If you’re thinking about buying a home, you might be getting some well-intentioned but utterly false advice from friends, family, and the media. There are some persistent untruths about the home buying process and first time home buyer programs out there, and we want to set the record straight on some home buying myths.
Spoiler alert: Buying a home is more within your reach than you probably think!
Myth: Millennials Don’t Want to Buy Homes
FALSE. Sorry to bust the millennial-hating bubble, but people born between 1981 and 1997 do own homes and do want to buy them. This is backed up by data science.
The average age for a first-time homebuyer in the United States is 31, a number largely unchanged in the past half-century. Only about one-third of millennials have reached this age, so they are just getting started buying homes. There are 66 million millennials, and according to a study by Fannie Mae, about half of currently renting millennials say they are on the brink of buying a home.
Myth: I need perfect credit to buy a home
FALSE: There are many home loan programs for people with less-than-stellar credit. Each lender has their own underwriting requirements, so definitely shop around.Click here to jump to the links at the bottom of this article for some specific home ownership programs designed for lower-income buyers, first-time buyers, and people with recovering credit.
Myth: I need a 20% down payment to buy a home
FALSE: There are mortgage programs where you don’t need any money down, or as little as 3 percent. While a 20 percent down payment is standard to avoid private mortgage insurance (PMI), there are many home programoptions that allow you to put less down, with or without PMI.
Myth: I can’t get approved for a mortgage if I have student loans
FALSE: Your student loans alone won’t keep you from getting a mortgage, but your overall debt-to-income ratio needs to meet qualifying ratios. Lenders look at your total debt-to-income ratio, and as long as the sum of your monthly debts, including student loans, falls within their underwriting guidelines, you’re good to go.
Help for Home Buyers Ready to Take the Plunge
You don’t want to start shopping for a home before you know what you can afford – that is a recipe for heartbreak. Your lender will give you a maximum budget for the top price of a home you can afford. Take that to your real estate agent and start shopping for homes within your price range.
First Time Buyer Programsto Help You Afford a Home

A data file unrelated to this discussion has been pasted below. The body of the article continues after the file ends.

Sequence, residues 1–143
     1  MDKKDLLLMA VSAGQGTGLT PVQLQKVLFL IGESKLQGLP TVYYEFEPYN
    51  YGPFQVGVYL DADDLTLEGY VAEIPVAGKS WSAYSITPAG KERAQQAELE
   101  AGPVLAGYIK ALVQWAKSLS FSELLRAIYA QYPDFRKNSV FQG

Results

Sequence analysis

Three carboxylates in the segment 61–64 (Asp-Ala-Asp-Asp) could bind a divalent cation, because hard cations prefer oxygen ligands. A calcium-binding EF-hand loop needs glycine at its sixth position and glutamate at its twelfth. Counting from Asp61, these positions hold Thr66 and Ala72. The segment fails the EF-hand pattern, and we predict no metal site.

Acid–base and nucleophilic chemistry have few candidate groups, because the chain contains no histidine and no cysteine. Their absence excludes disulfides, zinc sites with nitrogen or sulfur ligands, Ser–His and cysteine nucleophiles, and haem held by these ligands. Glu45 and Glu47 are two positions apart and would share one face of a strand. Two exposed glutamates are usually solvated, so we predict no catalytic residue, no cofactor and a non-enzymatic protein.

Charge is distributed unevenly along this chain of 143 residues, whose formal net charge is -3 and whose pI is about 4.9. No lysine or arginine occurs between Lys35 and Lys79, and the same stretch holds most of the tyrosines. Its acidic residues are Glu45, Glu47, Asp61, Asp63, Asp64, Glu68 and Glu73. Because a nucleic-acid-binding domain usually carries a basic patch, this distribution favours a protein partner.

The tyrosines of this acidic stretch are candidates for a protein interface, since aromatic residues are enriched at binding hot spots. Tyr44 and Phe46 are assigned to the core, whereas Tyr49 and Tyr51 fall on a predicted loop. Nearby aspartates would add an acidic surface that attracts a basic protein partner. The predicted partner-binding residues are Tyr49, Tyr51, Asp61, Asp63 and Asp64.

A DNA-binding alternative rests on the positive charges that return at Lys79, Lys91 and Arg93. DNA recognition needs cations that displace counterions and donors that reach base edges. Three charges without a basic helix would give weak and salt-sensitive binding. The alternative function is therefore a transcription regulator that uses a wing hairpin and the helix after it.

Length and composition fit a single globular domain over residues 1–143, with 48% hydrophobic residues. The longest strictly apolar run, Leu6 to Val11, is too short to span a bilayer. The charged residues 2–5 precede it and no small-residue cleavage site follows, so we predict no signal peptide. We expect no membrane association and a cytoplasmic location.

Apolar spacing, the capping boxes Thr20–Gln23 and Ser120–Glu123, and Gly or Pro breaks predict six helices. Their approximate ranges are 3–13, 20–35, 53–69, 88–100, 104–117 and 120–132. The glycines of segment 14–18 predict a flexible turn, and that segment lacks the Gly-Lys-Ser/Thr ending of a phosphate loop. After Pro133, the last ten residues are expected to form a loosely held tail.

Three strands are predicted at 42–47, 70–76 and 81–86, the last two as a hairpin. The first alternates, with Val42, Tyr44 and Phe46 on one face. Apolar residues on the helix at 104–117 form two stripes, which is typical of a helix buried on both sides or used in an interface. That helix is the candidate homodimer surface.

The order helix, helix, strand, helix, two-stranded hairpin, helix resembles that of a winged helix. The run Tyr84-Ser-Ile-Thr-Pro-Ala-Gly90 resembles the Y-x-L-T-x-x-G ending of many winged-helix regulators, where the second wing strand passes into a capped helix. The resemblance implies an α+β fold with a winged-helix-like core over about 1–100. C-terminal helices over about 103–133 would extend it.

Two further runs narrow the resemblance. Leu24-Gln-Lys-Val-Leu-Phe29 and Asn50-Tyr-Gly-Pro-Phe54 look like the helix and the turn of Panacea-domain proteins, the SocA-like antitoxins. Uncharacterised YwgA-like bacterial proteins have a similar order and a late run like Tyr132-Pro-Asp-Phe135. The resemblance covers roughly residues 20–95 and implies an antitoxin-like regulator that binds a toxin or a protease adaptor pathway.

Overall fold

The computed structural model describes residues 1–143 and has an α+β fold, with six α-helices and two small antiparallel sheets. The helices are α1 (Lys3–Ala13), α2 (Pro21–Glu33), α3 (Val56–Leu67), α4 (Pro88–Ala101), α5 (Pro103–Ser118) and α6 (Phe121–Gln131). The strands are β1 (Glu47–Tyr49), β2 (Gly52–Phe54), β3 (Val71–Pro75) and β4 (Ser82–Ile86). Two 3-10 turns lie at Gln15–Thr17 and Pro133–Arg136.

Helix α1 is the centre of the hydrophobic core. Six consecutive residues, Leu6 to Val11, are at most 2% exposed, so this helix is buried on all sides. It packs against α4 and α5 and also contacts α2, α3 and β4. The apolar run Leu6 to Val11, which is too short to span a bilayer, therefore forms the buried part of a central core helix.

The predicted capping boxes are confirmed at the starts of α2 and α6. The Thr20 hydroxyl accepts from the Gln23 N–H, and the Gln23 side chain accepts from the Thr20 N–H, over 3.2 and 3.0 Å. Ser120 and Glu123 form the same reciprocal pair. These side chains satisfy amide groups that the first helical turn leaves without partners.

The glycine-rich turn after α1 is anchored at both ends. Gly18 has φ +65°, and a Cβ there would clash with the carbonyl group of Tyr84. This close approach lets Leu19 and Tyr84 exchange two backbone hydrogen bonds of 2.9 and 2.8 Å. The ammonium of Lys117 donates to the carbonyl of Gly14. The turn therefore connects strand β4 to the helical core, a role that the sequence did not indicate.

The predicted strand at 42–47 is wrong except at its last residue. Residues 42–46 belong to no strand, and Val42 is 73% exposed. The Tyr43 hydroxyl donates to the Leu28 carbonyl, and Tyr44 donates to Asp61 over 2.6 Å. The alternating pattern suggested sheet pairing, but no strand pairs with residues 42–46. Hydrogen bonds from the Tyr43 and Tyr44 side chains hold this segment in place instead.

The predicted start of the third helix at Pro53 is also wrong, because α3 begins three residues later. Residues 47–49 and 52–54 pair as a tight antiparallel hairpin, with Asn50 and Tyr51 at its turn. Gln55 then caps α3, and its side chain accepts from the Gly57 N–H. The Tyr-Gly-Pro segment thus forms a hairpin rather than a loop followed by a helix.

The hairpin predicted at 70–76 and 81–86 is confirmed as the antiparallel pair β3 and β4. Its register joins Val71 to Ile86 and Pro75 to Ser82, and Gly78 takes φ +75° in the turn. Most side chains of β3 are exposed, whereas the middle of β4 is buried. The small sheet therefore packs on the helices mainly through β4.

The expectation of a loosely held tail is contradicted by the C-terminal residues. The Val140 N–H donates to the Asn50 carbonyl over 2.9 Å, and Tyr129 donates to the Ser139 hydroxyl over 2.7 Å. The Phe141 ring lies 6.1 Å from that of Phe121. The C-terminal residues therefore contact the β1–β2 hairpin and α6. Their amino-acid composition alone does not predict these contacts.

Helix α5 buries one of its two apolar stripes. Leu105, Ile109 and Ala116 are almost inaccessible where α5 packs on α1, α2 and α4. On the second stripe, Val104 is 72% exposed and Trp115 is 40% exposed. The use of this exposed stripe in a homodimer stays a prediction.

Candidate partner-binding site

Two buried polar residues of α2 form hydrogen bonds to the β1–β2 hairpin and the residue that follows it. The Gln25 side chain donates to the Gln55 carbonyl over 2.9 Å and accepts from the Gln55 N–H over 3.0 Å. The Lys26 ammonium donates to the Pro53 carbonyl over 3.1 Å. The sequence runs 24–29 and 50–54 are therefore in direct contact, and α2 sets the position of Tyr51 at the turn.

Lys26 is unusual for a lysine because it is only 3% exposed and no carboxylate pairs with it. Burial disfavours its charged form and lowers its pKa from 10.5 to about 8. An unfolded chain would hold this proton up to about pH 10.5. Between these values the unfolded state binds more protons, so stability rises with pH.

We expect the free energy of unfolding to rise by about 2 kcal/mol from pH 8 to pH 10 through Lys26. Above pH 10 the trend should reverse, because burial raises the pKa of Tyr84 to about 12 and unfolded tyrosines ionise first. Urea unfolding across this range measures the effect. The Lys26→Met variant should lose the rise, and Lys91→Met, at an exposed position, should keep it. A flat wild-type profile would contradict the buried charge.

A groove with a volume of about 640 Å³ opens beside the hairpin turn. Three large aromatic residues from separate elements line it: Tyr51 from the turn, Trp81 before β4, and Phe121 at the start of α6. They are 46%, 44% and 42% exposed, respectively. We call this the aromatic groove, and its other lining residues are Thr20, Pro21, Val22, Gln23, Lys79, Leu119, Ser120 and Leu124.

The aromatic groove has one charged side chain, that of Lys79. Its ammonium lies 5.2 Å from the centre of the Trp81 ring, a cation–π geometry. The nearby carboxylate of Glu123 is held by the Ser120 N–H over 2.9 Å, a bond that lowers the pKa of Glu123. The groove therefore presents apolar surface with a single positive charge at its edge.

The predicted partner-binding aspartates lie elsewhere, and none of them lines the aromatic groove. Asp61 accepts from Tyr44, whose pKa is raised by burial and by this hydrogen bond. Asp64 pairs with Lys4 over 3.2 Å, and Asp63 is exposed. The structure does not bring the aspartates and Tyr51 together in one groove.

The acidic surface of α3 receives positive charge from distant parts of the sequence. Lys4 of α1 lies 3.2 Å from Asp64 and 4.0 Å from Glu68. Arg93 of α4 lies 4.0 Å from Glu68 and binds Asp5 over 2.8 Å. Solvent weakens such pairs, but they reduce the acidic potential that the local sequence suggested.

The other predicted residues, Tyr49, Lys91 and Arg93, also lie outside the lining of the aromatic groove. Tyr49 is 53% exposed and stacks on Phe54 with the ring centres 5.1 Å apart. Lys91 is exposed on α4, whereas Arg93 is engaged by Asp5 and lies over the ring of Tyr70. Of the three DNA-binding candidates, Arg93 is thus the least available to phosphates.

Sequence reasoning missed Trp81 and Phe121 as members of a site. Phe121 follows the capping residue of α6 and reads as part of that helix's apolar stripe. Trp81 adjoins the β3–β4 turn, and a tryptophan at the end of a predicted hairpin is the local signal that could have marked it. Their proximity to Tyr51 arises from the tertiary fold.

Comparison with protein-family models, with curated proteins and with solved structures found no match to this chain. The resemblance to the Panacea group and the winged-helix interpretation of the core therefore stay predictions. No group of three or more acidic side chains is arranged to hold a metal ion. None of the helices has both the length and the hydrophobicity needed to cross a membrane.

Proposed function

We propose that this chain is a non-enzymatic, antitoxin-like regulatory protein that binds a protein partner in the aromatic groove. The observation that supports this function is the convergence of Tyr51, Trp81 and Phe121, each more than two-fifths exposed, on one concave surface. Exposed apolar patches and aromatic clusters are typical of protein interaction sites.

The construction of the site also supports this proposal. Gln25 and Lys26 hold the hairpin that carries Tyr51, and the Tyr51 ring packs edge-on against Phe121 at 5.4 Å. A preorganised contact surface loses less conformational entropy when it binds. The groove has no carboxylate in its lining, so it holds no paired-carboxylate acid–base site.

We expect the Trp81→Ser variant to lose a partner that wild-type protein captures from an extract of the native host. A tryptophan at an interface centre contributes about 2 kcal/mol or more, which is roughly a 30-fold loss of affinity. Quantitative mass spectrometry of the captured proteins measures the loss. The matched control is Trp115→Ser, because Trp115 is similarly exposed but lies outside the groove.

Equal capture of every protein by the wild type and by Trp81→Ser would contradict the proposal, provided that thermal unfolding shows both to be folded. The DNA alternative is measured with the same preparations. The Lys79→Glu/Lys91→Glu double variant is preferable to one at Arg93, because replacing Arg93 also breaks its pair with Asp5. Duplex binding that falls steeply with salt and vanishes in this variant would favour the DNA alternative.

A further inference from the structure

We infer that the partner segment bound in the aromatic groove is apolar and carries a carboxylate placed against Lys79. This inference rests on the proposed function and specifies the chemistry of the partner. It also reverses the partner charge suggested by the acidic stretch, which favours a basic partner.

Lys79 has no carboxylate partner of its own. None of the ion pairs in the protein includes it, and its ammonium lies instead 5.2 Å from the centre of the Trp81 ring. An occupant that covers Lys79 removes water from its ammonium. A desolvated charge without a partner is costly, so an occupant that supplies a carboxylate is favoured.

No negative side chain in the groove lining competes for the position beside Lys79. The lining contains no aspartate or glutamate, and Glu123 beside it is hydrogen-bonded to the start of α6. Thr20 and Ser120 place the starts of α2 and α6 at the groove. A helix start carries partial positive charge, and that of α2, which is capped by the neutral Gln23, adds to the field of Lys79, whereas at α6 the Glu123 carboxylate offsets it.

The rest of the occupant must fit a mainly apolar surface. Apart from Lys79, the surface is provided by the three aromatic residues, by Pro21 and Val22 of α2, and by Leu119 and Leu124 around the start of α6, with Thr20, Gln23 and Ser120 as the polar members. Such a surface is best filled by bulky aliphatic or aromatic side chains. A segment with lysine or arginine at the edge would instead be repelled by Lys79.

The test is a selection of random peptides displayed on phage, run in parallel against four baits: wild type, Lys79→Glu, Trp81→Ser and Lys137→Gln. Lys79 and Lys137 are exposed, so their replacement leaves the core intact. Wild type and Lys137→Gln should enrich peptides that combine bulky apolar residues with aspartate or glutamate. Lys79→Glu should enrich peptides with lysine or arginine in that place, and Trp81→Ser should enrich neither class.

There are many programs available to people with the dream of home ownership, each with their own unique benefits and advantages:
- FHA loan With an FHA loan, typical first-time homebuyers can buy a home with a minimum credit score of 580 and 3.5 percent down, or a credit score as low as 500 with 10 percent down.
- USDA loan If you live in a USDA-eligible area (there are more than you might think!), you could qualify for a USDA mortgage with 100 percent financing, aka no money down.
- VA loan If you’re an active-duty serviceperson or a veteran of the US armed forces, you are eligible for loans backed by the Veteran’s Administration. These loans have no PMI, no minimum credit score, no money down, and lower interest rates.
- Good Neighbor Next Door This US Housing and Urban Development (HUD) program takes 50% off the price of a home in certain HUD “revitalization areas” if you are a firefighter, law enforcement officer, preK-12 schoolteacher, or emergency medical technician.
- Fannie Mae or Freddie Mac These government-sponsored enterprises guarantee loans for folks who have a credit score of 620 and 3 percent down. They also accept higher debt-to-income ratios, as high as 50 percent.
- HomePath ReadyBuyer Program This first time buyer program from the FHA helps you purchase a home that is part of their foreclosure portfolio.
- Local first-time homebuyer programs and grants. Contact a real estate agent, your state housing finance agencyor state HUD office for information about programs administered by your state and properties in your area.
- Santander’s H.O.M.E. program This comprehensive program helps you with low-down payment loan options, home buyer’s education, and using unconventional sources of funds, such as gifts or grants, towards your down payment.
Don’t be fooled by unfounded fears of homebuying. If you have a good job and are generally financially responsible, you can buy a home. There are many options to help you. Your financial advisor can help you navigate this process and soon you’ll be living the dream of home ownership.
Get more information about the type of mortgage that is right for you.